operation of bus shoulder on SH16, it is considered that the additional bus shoulder provision should not
result in any significant operational issues.

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As discussed above, at Te Atatu Road Interchange, the westbound bus shoulder continues along the eastbound
off ramp to Te Atatu Road. There are some westbound ‘express/flyer’ bus services which continue along the
SH16 mainline through the interchange toward Henderson Creek. These buses would therefore be required to
exit the bus shoulder in advance of the Te Atatu Road Interchange to continue along the SH16 mainline. There
are currently around 12 weekday evening peak period buses along this route, with only around 18 buses
throughout the day on weekdays. With the provision of training for bus drivers and appropriate signage on the
westbound approach to the Te Atatu Interchange, it is considered that these manoeuvres could be undertaken
without significant effects on the operation of buses or mainline traffic.

The more continuous provision of bus shoulders along SH16 is anticipated to provide significant benefits to
the operation of peak direction (weekday AM peak – eastbound, weekday PM peak – westbound) buses along
SH16, particularly when combined with bus shoulder provision further to the west on SH16. This is enhanced
by the priority lane provision at Te Atatu Road Interchange, which will allow buses to enter and exit the
motorway more smoothly and to avoid delays associated with travel within general traffic. The provision of
these measures complements the identified future development of the QTN corridor along Te Atatu Road to
SH16, as well as along SH16.

The proposed bus priority provision in these sectors is therefore considered to meet the objectives for the
Project with regard to improve accessibility for individuals and businesses and support regional economic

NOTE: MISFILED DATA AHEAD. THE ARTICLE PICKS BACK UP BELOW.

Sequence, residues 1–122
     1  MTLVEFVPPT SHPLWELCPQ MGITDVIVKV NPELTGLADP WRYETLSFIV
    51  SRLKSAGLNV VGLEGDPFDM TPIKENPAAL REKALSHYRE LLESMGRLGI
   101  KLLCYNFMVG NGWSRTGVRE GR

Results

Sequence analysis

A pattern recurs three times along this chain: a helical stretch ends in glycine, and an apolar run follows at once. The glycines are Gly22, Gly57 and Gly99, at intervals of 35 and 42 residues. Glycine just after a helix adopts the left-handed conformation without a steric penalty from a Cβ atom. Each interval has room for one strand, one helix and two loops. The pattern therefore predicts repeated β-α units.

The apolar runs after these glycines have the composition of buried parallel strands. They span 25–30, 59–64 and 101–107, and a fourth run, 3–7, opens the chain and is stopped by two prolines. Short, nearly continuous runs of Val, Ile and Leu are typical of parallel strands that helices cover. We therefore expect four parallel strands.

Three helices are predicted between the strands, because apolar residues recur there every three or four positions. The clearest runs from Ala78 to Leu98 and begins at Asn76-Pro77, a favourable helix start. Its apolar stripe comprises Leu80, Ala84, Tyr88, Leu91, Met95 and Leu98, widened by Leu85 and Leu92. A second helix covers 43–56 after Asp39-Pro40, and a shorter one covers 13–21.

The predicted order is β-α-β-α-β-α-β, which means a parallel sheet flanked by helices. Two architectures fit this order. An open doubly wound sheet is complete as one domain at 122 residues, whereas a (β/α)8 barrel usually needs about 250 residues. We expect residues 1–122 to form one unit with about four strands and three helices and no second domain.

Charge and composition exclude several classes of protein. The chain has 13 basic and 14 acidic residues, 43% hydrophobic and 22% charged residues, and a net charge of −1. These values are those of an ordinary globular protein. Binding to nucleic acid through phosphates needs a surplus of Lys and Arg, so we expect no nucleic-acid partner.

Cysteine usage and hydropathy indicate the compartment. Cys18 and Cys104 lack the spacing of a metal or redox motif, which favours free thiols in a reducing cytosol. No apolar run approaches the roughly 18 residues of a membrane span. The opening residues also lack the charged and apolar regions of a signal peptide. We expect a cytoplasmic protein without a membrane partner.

growth and productivity by improving access to and between centres of future economic growth, as well as to
support mobility and modal share choices by providing opportunities for improved public transport.

Sectors 5 to 9 – SH20 and SH16 East of Great North Road Interchange

As discussed in Section 2.3, there is limited opportunity for the provision of bus priority measures or
dedicated passenger transport facilities as part of the Project within Sectors 5 and 6 due to the associated
merging and diverging of ramps and mainline carriageway in these sections. There are no dedicated
passenger facilities through Sectors 7 to 9 as it is currently not anticipated that there is a requirement for
these facilities, specifically bus shoulders, on this section of SH20.

Consequently, within these sectors, it is anticipated that bus shoulder provision would only be possible along
the eastbound section of SH16 from east of the Carrington Road overbridge to the diverge at the Western
Springs off ramp. This would be anticipated to have some benefits for eastbound buses in the peak direction
during the AM peak period.

Following completion of the Project, the existing bus stops on Great North Road could be reinstated along with
the other transport infrastructure along this road. At Richardson Road, the existing northbound and
southbound bus stops (see Figure 4-14) are in the same location as the proposed Richardson Road Overbridge
and, as such, the location of both the stops following the completion of the Project would need to be a matter
for further discussion with ARTA.

5.2.2

Protecting Future Rail Opportunities

Provision has been included within the Waterview Connection Project to allow for the future expansion of the
RTN by ARTA and associated stakeholders (Figure 4-11), as a separate project, by maintaining a corridor for

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the future Avondale - Southdown Rail Line as identified by designation ‘G08-05 – Railway Purposes Avondale
Southdown Line’ in the Auckland City District Plan.

The approach taken to the provision is in a manner consistent with the earlier extension of SH20 in the Mt
Roskill Extension with a future rail line of 20m in width, which allows for double-tracking, electrification and
maintenance access. In designing structures over the SH20 alignment (such as the Richardson Road bridge)
specification has included the opportunity for this same provision in the future along the Avondale -
Southdown Rail Line.

Provision has been made in the Project design to accommodate a future rail line corridor, generally assumed to
be on the northeastern side of the motorway alignment between the Maioro Street Interchange and the
southern portal in the Alan Wood Reserve. At the southern portal, the design allows for the rail line to cross
over the tunnel and then connect to the North Auckland Rail Line, as per the design in the existing rail